Blue Lasers for Industrial & Scientific Applications
What is a Blue Laser?
A blue laser is a light emitting device that emits a light beam in the wavelength range between 400 nm and 500 nm. It is a coherent beam of light, consisting of a single wavelength and has applications in numerous fields. Different blue lasers are predominantly based on different gain media and their properties.
Blue lasers originally came into existence as a laboratory curiosity and were based on a helium-cadmium, argon or krypton gas. At that point, blue lasers were capable of lasing only 130 mW of optical power, while wasting a kilowatt of energy in the form of heat. Nevertheless, the situation changed with the discovery of edge emitting blue semiconductor laser diodes. Soon after, it was evident that blue lasers could potentially feature favourable electrical to optical power conversion.
The appearance of Blu-Ray technology and high-power projectors created the very first major market for blue laser diodes. This accelerated the development of new and improved varieties of blue laser diodes. Although blue lasing is achievable with miscellaneous types of lasers (such as ion lasers, dye lasers, semiconductor laser diodes and diode-pumped solid state lasers [DPSS]), it is semiconductor blue laser diodes that are dominating the market. This is due to the uniformly good optical efficiencies of blue laser diodes, typically of the order of 50%, but sometimes 60 or even 70%, being second only to Yb:YAG thin disc lasers that were shown to reach 77% efficiency. Yb:YAG lasers typically lase in the IR, at 1030 nm and 1050 nm, with well above 1 kW diffraction-limited output with high beam quality, and even greater powers with non-diffraction-limited quality of the beam. Nevertheless, unlike blue laser diodes, Yb:YAG lasers are quite bulky and costly. Furthermore, it is advantageous to use a blue laser instead of an IR (or CO2) one, as a result of a smaller beam waist, high reliability and the possibility to efficiently process various metals, such as, for example, copper. Interestingly, copper can only absorb 5% of the incident IR light, but 65% of the incident blue laser light at room temperature.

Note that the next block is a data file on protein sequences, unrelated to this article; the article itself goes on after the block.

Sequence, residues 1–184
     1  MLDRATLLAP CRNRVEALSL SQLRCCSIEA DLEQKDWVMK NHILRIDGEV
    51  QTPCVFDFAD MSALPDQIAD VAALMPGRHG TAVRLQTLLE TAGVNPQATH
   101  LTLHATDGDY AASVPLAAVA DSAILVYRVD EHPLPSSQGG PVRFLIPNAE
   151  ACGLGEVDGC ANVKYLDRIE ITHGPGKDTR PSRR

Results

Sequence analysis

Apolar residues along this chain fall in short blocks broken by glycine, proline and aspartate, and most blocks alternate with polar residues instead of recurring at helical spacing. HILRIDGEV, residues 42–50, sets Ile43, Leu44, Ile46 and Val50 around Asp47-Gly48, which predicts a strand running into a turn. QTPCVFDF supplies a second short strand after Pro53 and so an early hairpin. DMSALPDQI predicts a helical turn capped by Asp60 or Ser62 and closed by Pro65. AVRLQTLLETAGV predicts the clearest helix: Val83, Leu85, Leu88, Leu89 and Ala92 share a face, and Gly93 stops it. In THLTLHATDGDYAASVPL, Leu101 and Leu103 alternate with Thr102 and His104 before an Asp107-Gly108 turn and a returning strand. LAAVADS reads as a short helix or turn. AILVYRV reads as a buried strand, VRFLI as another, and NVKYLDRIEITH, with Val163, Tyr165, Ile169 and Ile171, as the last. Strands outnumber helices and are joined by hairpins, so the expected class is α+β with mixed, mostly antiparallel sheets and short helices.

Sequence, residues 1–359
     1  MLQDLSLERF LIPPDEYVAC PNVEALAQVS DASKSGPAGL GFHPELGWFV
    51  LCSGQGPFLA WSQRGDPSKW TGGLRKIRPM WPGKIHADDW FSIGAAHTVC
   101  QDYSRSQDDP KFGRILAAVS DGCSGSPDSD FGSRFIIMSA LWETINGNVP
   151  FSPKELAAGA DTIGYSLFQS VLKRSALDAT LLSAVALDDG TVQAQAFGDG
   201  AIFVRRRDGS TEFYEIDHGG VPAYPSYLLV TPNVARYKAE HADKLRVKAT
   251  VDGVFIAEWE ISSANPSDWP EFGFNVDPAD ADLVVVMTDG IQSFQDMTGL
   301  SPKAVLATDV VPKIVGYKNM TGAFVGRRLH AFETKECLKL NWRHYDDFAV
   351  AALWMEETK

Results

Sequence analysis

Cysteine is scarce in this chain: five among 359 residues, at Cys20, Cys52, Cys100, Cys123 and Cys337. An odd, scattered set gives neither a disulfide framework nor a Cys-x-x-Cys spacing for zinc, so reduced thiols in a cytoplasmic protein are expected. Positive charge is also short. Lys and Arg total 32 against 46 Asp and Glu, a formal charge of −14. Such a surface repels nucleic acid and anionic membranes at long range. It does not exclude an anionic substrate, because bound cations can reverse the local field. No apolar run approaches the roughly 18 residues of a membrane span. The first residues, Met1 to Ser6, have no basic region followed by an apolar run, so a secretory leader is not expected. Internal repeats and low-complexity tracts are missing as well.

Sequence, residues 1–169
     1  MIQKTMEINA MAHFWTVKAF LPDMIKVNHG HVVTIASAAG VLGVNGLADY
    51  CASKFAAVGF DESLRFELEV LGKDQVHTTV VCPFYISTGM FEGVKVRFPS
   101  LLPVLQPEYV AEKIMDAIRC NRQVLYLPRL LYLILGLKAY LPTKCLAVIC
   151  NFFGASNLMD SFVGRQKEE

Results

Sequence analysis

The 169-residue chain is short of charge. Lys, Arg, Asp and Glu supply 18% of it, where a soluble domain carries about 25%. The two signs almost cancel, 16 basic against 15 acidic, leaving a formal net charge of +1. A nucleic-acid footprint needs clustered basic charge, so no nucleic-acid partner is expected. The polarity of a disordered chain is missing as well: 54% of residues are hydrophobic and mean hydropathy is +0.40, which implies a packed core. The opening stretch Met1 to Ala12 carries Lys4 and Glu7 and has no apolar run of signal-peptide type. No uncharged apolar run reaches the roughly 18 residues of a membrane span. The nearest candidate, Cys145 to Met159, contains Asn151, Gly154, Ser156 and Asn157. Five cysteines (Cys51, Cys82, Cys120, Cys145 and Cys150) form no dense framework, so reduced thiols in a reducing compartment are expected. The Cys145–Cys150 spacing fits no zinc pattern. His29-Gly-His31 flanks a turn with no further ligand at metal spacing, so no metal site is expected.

The Competitive Edge of Blue Semiconductor Laser Diodes